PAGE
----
Utah Jazz: 4 players entering contract years in 2017-18

Photo by Rocky Widner/NBAE via Getty Images
Photo by Rocky Widner/NBAE via Getty Images /

The Utah Jazz season is shrouded in uncertainty, and for four players, so is their future beyond 2017-18.

As if there wasn’t enough pressure on the Utah Jazz to perform in the wake of Gordon Hayward‘s departure, four of their most important players have their next contract weighing on their minds.

Dante Exum, Rodney Hood, Derrick Favors and Joe Johnson are all in contract years. The 2017-18 season poses to be a rollercoaster with contract negotiations at the end of it for these four.

Favors, more than any of them, is under the most pressure as a restricted free agent coming off an injury-ravaged 2016-17 season. He’s making $12 million this year and will be worth every cent — provided he’s back to the Favors we saw in 2015-16.

With knee issues hindering his performance all season, Favors could only muster 9.5 points and 6.1 rebounds per game in 2016-17, a year after putting up an All-Star worthy 16.4 points and 8.1 rebounds. He was reduced to 23.7 minutes per gamem but after a summer of strength training, Favors looks ready to dominate once again.

Exum is now a full season removed from his ACL injury with a summer of skill-specific training under his belt. Making $4.9 million this season before he’s issued a $6.6 million qualifying offer, the Australian-born guard is playing for a pay raise.

After showing glimpses of what he’s capable last season, coach Quin Snyder and general manager Dennis Lindsey will be looking at how Exum controls his play this season. In between his blow-bys of opposing defenders or acrobatic finishes in the lane were egregious and uncontrolled attempts at scoring. Calming down and assessing his options is something he’s conscious of fixing, based on his Media Day comments:

"“I was so caught up in my mind and my head about playing well and doing this and that, making sure I impress this person. Coach is talking in my ear this, I got another coach in my ear, I just needed to relax.”"

A 100 percent healthy and relaxed Exum might finally produce the sort of play that had people comparing him to Kobe Bryant when he was drafted back in 2014.

Another coming off an injury-plagued 2016-17 season, Hood could see the biggest bump in salary. The 24-year-old’s availability was his biggest problem last season.

With regular spells on the bench carrying an assortment of injuries in 2016-17, he played five fewer minutes than in 2015-16, resulting in a dip from 14.5 points per game to 12.7. He intends on being in the mix for the Most Improved Player award this year, but he will need to remain healthy.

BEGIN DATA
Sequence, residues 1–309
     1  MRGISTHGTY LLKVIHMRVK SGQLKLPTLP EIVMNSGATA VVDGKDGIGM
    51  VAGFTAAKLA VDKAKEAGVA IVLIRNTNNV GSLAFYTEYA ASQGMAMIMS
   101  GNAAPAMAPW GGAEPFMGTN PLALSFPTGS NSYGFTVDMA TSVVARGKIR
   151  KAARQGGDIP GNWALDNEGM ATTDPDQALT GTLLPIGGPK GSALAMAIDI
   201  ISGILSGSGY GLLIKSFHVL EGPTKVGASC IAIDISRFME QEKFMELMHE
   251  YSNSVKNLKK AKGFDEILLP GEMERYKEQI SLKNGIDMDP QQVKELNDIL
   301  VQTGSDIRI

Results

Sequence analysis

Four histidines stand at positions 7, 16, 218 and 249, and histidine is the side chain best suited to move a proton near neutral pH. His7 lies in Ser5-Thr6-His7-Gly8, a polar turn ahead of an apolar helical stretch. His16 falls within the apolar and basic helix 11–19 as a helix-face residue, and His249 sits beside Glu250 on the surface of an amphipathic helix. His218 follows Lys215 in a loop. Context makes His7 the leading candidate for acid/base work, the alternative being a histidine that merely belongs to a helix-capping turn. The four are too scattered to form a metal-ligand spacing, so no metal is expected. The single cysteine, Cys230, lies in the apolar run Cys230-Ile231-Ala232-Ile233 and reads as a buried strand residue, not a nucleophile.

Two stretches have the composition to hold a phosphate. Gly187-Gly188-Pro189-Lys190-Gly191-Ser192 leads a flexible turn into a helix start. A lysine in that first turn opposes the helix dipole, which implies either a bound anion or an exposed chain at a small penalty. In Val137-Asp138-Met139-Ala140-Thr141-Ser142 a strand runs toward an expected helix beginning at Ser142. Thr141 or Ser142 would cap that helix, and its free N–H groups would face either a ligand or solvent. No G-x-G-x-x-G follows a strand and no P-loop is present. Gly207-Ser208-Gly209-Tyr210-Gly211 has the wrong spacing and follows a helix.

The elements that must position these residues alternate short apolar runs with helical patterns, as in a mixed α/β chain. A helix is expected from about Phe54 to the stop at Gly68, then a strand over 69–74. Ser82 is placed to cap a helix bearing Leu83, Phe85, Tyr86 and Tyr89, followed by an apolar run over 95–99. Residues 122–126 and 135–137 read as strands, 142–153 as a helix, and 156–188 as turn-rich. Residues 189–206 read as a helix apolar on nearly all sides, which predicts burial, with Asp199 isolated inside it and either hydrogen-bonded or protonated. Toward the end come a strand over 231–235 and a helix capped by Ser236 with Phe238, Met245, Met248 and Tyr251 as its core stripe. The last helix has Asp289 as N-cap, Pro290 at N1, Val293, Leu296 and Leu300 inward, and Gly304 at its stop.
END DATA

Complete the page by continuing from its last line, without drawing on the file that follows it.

With Hayward now out of the picture, Hood’s role will increase and Frank Urbina of HoopsHype thinks Hood will be in the market for a contract around $72 million over four years. Given the extra minutes, a $72 million extension won’t be out of the question.

Should he remain healthy, his $2.3 million this year is a bargain with his $3.4 million qualifying offer likely to be well short of the mark. But a repeat of his 59-game season won’t be enough to win the award, nor will it earn him the big-money extension he’s seeking.

At the opposite end of his career compared to Favors, Exum and Hood is the 36-year-old Johnson. By participating in every two-a-day practice so far throughout training camp, he isn’t offering any indication that retirement is on his mind.

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Set to take home $10.5 million this season, Johnson will be an unrestricted free agent next summer. If he replicates his 9.2 points per game and 41 percent 3-point shooting from 2016-17, he will have plenty of offers on the table.

If his body is up to it, Johnson may even see those numbers take a boost given Utah’s lack of experience at the wing position.

All four players enter 2017-18 with a level of uncertainty of what follows. Favors is playing for his future, Exum for an extension, Hood for a career payday and Johnson for another year living the NBA dream.

Players in contract years can put too much pressure on themselves and crumble at the knees. They can try too hard, which only has a negative effect on the team as a whole. The opportunities to impress will be there for Favors, Exum, Hood and Johnson; they shouldn’t need to force plays to showcase their talent.

Next: Top 10 candidates for 2017-18 Most Improved Player of the Year

What the Jazz want more than anything is a reason to table offers to each of them in the summer of 2018.